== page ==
> Ah, yes, that's the productive way to run a system:
> Force out anyone who spots a flaw, so that the system never need improve.


Not exactly. The system did "improve" (I quote the term since I don't know if going to a paid-by-advertising model is an improvement, but at least it's economically viable) and now this user is lamenting the change. His comment is, "if you don't like how the system has changed to stay operable, leave it." The flaw in this case is the person who says advertising sucks without providing a realistic alternative.

One last note: "Blockquoth" is a great term. I plan to use it on occasion.

Virg

The WWW is the cause of all our...Whoa! (3)

virg_mattes (230616) | more than 13 years ago | (#217306)

> Before the web came along, the internet was the home
> of intelligent discussion, and academic research. It
> was a wonderful means of communication.


Two things: first, the intelligent folk still gather on the Internet, and second, it's still a wonderful means of communication. I'm a member of a Moot that's entirely email-based, and I therefore have opportunities to discuss topics I'd never otherwise know with very smart people I'd never otherwise meet. I can converse for free with my friends who live hundreds of miles from me, and my father and I often share online games.

> Suddenly the WWW appeared. This ended this golden era.

"Golden era"?!? I think I'd have to argue with you there. I ran a BBS for many years, and I thoroughly enjoyed the sense of community that it engendered, but I don't look back on my BBS days with longing to return to the "golden age". Perhaps you're glossing over the fact that there was so much less available on the pre-1991 Internet, or perhaps you have no need for, and therefore no appreciation of, what out there now.

> Everyone wanted the internet. The media got a hold on the idea
> and it has never been possible to explain to them the difference
> between the web and the internet since. No more research is interesting
> to anyone unless its web based. This network has been reduced to
> another tool for the corporations to force their content onto us.


It's okay that everyone wants the Internet, it's not their fault that the mainstream media confuses WWW and the Internet, and since non-WWW research is (I'm guessing) interesting to you, and it's certainly of interest to me, you can't very well make statements that nobody cares about anything but the Web. And also, you're assuming a lot to say the the only use of the WWW is as a corporate propaganda tool. There's a lot out there that isn't corporate, and saying that the influx of advertising and other content by business has spoiled the Web is very much like saying that roads serve no use other than as a repository for billboards.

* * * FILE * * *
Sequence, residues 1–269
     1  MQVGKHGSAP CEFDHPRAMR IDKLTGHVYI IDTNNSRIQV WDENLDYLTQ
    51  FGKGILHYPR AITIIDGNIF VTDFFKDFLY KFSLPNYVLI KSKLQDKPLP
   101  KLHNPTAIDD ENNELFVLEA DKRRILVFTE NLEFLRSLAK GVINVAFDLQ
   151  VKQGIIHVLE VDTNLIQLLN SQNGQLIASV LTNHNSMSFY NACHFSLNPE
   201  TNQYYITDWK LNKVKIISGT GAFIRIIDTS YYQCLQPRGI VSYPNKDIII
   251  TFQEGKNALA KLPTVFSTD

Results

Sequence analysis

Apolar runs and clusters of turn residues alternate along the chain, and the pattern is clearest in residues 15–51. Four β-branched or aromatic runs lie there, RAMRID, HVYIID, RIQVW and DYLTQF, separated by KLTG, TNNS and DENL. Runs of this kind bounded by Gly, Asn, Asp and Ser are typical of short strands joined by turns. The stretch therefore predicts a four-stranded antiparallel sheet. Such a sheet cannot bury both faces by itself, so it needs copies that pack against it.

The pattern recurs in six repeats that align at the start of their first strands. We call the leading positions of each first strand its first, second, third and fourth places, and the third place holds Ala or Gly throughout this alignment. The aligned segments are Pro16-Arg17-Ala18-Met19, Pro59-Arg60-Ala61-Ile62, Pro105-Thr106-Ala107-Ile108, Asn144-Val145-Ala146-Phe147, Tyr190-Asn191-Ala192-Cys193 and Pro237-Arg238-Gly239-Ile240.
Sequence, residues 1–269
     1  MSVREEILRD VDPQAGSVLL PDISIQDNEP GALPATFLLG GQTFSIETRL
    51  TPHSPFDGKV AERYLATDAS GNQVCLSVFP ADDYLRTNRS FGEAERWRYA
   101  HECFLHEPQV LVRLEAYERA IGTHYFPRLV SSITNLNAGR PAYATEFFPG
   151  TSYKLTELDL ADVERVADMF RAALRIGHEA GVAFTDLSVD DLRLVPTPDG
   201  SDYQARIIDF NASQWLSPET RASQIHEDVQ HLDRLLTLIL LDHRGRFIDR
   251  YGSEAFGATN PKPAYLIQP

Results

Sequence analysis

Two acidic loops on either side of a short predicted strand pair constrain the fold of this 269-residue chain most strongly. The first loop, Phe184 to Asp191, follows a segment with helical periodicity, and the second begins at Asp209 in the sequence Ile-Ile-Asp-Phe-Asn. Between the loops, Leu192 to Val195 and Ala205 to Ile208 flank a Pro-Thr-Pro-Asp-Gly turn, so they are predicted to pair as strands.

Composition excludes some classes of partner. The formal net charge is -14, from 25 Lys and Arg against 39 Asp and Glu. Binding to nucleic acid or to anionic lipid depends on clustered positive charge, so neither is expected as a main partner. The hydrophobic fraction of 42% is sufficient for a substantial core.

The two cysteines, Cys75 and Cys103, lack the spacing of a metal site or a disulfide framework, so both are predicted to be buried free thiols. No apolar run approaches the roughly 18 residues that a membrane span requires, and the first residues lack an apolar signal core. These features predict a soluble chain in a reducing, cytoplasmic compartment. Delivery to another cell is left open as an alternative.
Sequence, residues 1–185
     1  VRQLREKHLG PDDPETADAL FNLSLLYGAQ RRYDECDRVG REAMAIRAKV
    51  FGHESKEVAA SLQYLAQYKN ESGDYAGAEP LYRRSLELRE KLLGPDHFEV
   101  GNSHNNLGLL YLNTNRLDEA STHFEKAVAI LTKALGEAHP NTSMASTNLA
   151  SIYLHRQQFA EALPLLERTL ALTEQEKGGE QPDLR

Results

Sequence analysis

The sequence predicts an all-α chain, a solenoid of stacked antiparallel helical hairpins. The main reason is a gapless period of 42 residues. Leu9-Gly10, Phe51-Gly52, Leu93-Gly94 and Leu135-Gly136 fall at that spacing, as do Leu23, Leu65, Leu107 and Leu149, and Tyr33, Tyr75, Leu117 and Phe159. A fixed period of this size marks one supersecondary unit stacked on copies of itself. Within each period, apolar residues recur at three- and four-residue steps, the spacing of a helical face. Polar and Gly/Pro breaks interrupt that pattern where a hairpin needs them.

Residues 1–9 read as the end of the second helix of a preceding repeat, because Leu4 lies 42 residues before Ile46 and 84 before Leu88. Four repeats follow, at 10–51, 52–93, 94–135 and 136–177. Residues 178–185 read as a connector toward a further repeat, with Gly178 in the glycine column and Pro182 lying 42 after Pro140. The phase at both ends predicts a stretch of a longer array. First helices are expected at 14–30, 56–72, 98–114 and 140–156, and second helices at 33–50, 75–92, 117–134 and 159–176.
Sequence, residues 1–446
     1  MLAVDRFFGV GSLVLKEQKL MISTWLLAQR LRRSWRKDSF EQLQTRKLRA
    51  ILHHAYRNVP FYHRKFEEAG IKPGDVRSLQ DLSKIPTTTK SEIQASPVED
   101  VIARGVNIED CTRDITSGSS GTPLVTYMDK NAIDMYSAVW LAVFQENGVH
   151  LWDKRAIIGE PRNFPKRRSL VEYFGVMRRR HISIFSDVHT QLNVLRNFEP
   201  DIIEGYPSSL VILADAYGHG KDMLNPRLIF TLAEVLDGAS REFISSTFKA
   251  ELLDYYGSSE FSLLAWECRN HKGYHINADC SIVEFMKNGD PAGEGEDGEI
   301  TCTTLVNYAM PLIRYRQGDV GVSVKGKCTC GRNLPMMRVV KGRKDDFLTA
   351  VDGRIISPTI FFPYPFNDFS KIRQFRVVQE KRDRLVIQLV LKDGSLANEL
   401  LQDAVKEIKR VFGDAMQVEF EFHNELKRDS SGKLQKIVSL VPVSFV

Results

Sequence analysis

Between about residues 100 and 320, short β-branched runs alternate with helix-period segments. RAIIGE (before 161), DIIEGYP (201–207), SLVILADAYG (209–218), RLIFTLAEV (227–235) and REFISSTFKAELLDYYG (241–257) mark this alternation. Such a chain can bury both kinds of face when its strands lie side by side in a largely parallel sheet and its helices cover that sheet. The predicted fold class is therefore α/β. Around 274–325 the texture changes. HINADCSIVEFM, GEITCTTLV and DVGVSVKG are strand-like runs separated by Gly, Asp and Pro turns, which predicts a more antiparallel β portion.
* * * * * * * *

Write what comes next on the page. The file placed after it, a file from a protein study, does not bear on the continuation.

> The last hope for a free populace was eliminated, because
> the sheeple just wanted another form of passive entertainment.


Ah, here's the rub. "How dare those sheeple demand that the Internet give them anything other than what I deem appropriate" is your message. How very elitist of you. How odd that your statement so closely reflects the lamentation of the Women's Temperance League about how bawdy stories and romance novels had ruined libraries as a repository of higher knowledge and drawn the unwashed masses into their doors. You are right to assume that some people want the Web to be just another form of passive entertainment. You are wrong, however, to assume that all users that use and enjoy the Web are sheeple that don't know any better than to be led around by their credit cards.

I've been working with (and on) the Internet since my school days almost twenty years ago, and I don't seem to recall any "golden age" back then. It was usually a big pain in the ass, mostly because of "more learned than you" types like yourself. Get over it, and try the Web for real. You might enjoy what you find.

Virg

That's funny.. (1)

OblongPlatypus (233746) | more than 13 years ago | (#217307)

May 17 is my country's independence day. You're asking me why I'm not out celebrating? Well maybe I will next year, knowing I now have one more reason to do so :)

Re:Interesting historical note... (1)

westfieldscientific (240349) | more than 13 years ago | (#217309)

If there was a single defining moment, I think it would have to be when ISPs began marketing unlimited flat-rate dialup access....and everybody immediately wanted it.

Constant connection, a novelty at first, has an odd, subtle fascination. It changes everything, and I don't think there's any way now for the world to turn back.

It's also worth noting in comparison to more recent airhead stupidity that these providers operate profitably by offering a service that customers actually want, and have no objection to paying a modest proportional fee for in return.

Got it back-to-front (1)

evil_roy (241455) | more than 13 years ago | (#217310)

This is a great example of how far we haven't come at all. 10 years to develop and exploit and what have we got .... thousands of more users looking at the same crap on thousands more sites - not better or different - just more. Check out those screenshots of the first browser-editor-wp extension. We've hardly moved at all.

Re:Today's question... (1)

annielaurie (257735) | more than 13 years ago | (#217311)

OK. Then this will make you feel better: I was running around Washington, DC building and installing NetWare servers. I was 41...

Annie

Light the candles! (2)

Seeka (258435) | more than 13 years ago | (#217312)

We should all light a candle and take a picture from outerspace to represent the current structure of the WWW. This is cool news.